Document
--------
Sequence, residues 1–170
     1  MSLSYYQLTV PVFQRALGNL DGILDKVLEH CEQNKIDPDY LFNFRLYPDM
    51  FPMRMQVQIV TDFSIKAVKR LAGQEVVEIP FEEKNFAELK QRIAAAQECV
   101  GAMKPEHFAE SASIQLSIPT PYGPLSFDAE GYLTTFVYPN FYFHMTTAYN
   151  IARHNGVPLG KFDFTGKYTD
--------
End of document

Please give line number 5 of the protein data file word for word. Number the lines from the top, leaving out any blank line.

   151  IARHNGVPLG KFDFTGKYTD